And so the wheel of interview turns, and in another age, called about tea time by some people, A J Dalton answered me thusly:
1. Adam, your books (Empire of the Saviours, Gateway of the Saviours, etc) are pretty hefty. How much does size matter in fantasy, do you think?
Well, when I started reading fantasy (a long, long time ago, in a galaxy far, far away) the ‘big fat’ 1000-page epic fantasy was the norm. I loved it – cos I find such books so ‘immersive’. You never want them to end. However, tastes are changing – life is too short, time is money, blah, blah. The ‘big fat fantasy’ isn’t selling like it used to. My publisher is asking me to go shorter. So, my most recent release (Tithe of the Saviours, April 2014) is a mere 145K words, the shortest book I’ve written in my ‘career’ (if I may use such a grandiose term for it!) so far.
2. Of all your books, do you have a favorite, or do you love all your children equally?
For some weird reason, I always enjoy writing the third/last book in a series, cos I know it’s only the true fans who will be reading as far as that book. I find I have more permission to ‘go for it’ with that book. And my publishing editor is far less fussy/nit-picky about that book too. So, I’ve enjoyed Necromancer’s Fall and Tithe of the Saviours most. I’m (probably) getting better with practice, so my most recent is probably the best – Tithe of the Saviours.
3. Readers always ask authors where they get their ideas or inspiration. Do you have a muse? What’s your secret?
The problem is too many ideas really – and deciding which should be left out. I read a lot of fantasy and will sometimes read something and think, ‘Hmm. I wouldn’t have written it like that. I’d have written it like this. Oo. That’s a good idea. Maybe I will write it like that!’ It’s like writing a photonegative really. So, that’s my muse and secret in one – reading other fantasy authors. One of the UK’s leading fantasy author (in terms of sales anyway) often says he doesn’t read fantasy very much. I just don’t get that. Doesn’t he enjoy the genre he writes in?
4. Who is your favorite fantasy author now deceased? Why them?
David Gemmell. I grew up reading a lot of his stuff – you don’t get better fight scenes – and they’ve helped me with my own stuff.
5. Who is your favorite living fantasy author and why (apart from Tom Lloyd or A J Dalton)?
Oh. Easy. Michael Moorcock. ‘
6. What’s the best thing about being an author?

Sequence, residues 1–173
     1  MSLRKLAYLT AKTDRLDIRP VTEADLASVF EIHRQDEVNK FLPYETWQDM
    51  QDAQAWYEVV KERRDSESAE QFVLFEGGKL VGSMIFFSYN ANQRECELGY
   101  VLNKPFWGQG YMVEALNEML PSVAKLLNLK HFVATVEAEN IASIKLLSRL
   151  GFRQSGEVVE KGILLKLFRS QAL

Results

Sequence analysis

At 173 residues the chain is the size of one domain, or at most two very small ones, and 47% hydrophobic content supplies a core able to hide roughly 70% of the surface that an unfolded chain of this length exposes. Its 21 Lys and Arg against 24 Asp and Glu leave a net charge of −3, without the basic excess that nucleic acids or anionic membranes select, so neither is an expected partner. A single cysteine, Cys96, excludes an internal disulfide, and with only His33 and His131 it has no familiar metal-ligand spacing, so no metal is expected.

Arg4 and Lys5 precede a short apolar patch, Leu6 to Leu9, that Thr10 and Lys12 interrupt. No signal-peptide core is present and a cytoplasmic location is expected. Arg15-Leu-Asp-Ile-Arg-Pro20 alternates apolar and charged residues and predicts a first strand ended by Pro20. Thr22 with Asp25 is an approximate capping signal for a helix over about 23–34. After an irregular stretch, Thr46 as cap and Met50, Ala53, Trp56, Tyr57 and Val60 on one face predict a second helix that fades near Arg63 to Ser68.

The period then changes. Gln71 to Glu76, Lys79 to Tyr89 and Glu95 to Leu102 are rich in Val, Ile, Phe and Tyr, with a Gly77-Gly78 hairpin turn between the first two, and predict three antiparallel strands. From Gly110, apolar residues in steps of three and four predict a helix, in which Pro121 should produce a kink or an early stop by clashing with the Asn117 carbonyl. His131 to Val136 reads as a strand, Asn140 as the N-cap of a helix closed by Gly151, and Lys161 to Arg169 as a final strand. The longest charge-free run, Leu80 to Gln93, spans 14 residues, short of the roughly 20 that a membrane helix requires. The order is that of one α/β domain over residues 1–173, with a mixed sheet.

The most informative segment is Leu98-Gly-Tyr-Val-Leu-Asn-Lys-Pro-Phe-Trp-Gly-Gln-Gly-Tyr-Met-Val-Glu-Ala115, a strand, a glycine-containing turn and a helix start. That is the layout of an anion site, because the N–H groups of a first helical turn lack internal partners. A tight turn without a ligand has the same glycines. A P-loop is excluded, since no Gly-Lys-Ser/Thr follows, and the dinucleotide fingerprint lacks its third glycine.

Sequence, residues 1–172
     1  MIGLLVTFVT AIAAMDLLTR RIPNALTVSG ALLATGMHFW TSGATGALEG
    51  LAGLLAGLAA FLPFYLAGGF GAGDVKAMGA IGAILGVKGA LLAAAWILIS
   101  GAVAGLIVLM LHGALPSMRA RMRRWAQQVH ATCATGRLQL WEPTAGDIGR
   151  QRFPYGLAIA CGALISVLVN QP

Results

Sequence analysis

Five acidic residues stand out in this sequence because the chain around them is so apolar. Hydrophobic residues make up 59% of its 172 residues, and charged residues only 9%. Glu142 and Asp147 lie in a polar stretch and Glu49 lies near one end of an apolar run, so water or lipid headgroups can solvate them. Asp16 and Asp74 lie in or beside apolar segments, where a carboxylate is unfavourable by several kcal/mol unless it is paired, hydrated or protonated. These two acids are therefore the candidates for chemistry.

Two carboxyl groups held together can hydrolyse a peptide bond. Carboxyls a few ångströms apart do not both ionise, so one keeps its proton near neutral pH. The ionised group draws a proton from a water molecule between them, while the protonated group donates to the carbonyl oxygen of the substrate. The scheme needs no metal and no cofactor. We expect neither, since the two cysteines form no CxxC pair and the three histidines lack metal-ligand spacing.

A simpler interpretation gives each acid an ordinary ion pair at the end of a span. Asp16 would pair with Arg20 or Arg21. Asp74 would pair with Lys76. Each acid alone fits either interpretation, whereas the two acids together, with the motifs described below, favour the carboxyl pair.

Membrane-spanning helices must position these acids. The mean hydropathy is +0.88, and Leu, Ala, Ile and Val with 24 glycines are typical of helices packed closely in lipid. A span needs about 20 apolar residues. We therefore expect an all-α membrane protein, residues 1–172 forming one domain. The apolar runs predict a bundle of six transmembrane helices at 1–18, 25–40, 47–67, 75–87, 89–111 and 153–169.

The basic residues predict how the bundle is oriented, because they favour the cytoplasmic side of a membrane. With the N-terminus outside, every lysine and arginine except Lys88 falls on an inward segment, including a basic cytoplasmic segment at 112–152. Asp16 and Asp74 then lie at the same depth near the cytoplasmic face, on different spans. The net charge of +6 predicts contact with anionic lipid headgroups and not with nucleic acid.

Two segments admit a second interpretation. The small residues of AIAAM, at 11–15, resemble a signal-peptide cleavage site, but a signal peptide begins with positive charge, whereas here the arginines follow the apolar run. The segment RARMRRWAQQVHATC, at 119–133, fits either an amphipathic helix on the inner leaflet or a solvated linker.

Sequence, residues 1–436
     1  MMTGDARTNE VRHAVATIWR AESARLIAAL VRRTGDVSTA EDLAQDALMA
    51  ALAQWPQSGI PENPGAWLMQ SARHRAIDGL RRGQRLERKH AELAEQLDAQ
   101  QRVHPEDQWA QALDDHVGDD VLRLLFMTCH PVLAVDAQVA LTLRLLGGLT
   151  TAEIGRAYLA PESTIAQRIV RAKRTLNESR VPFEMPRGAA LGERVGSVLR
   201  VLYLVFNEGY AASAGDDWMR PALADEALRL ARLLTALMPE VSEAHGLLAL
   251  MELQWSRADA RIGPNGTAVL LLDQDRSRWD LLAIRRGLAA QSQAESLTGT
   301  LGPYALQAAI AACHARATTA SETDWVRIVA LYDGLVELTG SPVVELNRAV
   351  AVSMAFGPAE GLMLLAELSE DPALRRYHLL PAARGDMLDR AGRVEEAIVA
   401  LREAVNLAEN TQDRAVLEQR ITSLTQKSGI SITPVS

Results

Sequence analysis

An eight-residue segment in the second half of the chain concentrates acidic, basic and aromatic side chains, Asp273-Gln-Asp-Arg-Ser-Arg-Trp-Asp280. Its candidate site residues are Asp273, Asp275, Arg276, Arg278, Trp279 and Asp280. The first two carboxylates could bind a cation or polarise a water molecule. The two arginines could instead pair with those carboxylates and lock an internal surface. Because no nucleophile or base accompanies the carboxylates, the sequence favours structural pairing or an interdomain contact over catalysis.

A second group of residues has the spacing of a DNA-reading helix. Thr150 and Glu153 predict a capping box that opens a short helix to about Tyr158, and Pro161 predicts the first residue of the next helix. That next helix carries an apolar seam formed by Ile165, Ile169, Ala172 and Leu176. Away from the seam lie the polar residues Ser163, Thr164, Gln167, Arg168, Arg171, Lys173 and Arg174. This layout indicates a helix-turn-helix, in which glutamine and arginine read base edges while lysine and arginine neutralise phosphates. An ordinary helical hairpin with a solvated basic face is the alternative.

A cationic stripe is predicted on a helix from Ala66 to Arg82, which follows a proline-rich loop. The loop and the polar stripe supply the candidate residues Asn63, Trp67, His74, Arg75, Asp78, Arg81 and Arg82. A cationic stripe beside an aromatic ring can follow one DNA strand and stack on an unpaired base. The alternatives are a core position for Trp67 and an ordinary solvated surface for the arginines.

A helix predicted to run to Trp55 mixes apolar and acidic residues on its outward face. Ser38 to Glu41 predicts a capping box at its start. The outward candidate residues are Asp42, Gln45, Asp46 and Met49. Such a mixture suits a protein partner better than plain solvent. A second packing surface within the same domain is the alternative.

The best thing about the writing is… the writing. I enjoy the process, creativity and discipline of it. You’ve got to. Otherwise, you just couldn’t stay motivated and inspired for the year or so it takes to write a book.
7. And the worst?
Worst thing – never having enough time for the writing. The writing doesn’t pay enough to cover your bills, you see, so you have to go out and get a day-job. Finding time to write is tricky, and the stress of that (especially when you have a deadline) really reduces the pleasure of the writing.
8. What are you currently working on that you can tell us about without then having to kill us?
A standalone ‘science fantasy’ called Lifer. Just 90,000 words, so a snip for the likes of you and me! It’s going well, and I’m enjoying it – cos there’s no deadline or anything (I haven’t looked into getting a publishing contract for it yet). In fact, it’s probably the best thing I’ve written to date (getting better with practice maybe). It’ll be the book I’m remembered for when I’m long gone, I suspect.
9. If people want to find out more about you, what sites do you maintain and what’s your handle on Twitter?
My site is www.ajdalton.eu. I’m on facebook. Twitter: @AJDalton1. Beyond that, I tend to haunt the Fantasy Faction fan forum.
10. What question have I not asked you that I should have done? And what’s the answer?
Maybe ‘What’s the trick to life as a writer and reader of fantasy?’ Well, write what you enjoy reading, and don’t be upset if it isn’t published immediately. You’re probably born ahead of your time. You have to wait till the world catches up. Or your stuff isn’t currently ‘in fashion’ with publishers. Rejection should never be the same as dejection. Books get rejected for loads of reasons – and ‘quality of prose’ is really one of the rarer reasons. If you want to get published, focus on what the more common reasons are and address them.